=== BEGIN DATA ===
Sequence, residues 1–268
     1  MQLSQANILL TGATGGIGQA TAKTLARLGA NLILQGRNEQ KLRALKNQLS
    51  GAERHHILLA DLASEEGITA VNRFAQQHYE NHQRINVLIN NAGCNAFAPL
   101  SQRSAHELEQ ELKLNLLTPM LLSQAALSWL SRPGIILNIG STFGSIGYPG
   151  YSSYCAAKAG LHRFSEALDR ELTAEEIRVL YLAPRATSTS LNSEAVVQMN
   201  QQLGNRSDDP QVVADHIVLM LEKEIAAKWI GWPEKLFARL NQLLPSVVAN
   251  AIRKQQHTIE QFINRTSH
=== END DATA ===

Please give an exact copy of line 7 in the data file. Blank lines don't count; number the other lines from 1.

   251  AIRKQQHTIE QFINRTSH